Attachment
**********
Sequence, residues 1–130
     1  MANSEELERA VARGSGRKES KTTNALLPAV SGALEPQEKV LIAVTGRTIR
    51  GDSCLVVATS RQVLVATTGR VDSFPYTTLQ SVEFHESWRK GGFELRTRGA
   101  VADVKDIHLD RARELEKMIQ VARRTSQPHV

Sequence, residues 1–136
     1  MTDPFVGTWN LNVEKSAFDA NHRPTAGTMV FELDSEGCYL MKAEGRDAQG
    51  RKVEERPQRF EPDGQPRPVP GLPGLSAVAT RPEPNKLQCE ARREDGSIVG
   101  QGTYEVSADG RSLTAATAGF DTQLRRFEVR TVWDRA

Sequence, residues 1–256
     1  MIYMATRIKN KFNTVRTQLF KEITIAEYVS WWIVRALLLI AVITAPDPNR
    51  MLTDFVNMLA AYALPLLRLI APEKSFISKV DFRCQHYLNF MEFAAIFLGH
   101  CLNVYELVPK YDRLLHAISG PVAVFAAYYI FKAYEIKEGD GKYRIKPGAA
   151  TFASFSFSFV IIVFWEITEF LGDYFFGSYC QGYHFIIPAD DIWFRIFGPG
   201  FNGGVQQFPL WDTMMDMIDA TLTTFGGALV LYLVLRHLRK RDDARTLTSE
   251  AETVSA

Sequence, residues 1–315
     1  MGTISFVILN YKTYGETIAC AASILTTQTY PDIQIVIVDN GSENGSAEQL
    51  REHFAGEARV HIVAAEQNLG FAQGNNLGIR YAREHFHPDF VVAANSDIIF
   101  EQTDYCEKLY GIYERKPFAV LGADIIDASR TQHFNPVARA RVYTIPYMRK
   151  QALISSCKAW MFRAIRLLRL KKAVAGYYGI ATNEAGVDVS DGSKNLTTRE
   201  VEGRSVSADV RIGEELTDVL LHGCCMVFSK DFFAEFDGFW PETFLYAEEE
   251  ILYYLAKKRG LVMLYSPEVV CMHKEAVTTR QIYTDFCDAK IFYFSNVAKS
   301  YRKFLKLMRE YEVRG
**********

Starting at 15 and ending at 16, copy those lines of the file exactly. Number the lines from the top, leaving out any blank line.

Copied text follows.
   251  AETVSA

Sequence, residues 1–315